Search, rescue drills highlight boater safety

Coast Guard personnel practice rescue scenarios, urge boaters to use life vests


MAYPORT, Fla. – The U.S. Coast Guard held a search and rescue demonstration in Mayport on Wednesday, emphasizing the need for boater safety.

Last year, the Coast Guard had more than 100 search and rescue missions, and personnel said some of those even ended in death, because boaters didn't take the proper safety precautions.

During the next few months, the Coast Guard expects more boaters to hit the water because of summer vacation and warmer weather, which means more rescue calls for the guardsmen.

"It goes from engine failure to search and rescue. Search and rescue is the least common, but, 'Man overboard,' saving lives, that's what we do," said Don Mooers, a USCG auxiliary volunteer.

The Coast Guard trains for just about every boat-related incident by water and by air.

"When you get a call on the radio, sometimes you don't know what casualty the boat is having, so we just have to be prepared for whatever it could be," Boatswain's Mate 3rd Class Cody Large said.

During a man overboard rescue mission, the Coast Guard has to work quickly to rescue the victim.

"We're in the mindset of what we need to do," Large said. "Communication is key for the most part."

Thursday's drills at Mayport used a dummy, called Oscar, for the man overboard mission. But the local Coast Guard has plenty of real-life experience. Last year, Coast Guard Station Mayport had more than 100 search and rescue missions.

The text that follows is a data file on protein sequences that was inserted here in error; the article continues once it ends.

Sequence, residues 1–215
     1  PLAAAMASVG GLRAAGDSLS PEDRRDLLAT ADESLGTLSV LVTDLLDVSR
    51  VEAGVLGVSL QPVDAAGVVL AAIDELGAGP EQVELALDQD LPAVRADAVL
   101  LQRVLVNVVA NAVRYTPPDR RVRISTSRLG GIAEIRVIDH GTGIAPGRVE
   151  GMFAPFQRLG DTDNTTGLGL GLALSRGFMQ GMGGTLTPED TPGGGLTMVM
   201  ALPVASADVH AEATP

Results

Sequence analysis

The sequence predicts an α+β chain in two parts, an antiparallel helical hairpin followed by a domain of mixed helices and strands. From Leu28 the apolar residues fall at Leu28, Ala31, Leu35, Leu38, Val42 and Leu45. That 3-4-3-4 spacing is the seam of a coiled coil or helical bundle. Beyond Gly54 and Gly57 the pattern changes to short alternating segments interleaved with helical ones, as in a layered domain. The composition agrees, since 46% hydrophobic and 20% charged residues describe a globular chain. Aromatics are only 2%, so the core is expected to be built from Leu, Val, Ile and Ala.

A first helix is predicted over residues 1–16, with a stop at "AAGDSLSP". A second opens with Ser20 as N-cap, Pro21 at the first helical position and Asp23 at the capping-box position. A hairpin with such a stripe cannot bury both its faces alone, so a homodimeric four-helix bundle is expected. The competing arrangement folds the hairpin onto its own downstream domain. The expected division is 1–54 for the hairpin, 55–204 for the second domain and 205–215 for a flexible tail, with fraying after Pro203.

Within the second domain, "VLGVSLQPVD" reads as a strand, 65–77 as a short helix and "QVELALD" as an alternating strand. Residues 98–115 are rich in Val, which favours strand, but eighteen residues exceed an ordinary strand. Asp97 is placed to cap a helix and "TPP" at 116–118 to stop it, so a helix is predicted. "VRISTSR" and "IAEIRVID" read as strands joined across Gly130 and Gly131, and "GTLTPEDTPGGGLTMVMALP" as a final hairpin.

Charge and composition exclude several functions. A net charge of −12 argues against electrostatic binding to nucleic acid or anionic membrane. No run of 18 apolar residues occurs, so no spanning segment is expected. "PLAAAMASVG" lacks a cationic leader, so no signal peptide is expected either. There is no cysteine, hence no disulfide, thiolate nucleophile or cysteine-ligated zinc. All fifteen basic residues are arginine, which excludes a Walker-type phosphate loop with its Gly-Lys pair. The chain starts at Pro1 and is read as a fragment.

And the Coast Guard said that in 2013 there were more than 80 motorboat related deaths in Florida.

Guardsmen said many of those deaths are attributed to people forgetting the most important tool when boating: a life vest.

The vest should fit properly, and boaters should also have a whistle attached in case they go overboard, because making noise will make it easier for them to be found.

In another exercise, the Coast Guard used a chopper and a swimmer jumped out to rescue Oscar. In both cases, Oscar lived, but the guardsmen said he might have had a different outcome if he wasn't wearing his life jacket.

"I can't emphasize too much the need for every boater to think, 'Do I have the proper number of life jackets: one for everybody on the boat? Have I had the people try them on to make sure they fit?'" Mooers said.

When something goes wrong in the water, the Coast Guard will be there. But the guardsmen also want to emphasize the importance of following local and federal safety laws for boating, so everyone enjoys smooth sailing this summer.

The Coast Guard Auxiliaries also offer free boat safety checks year-round at several locations along the St. Johns River. For more information, go to http://www.cgaux.org/vsc.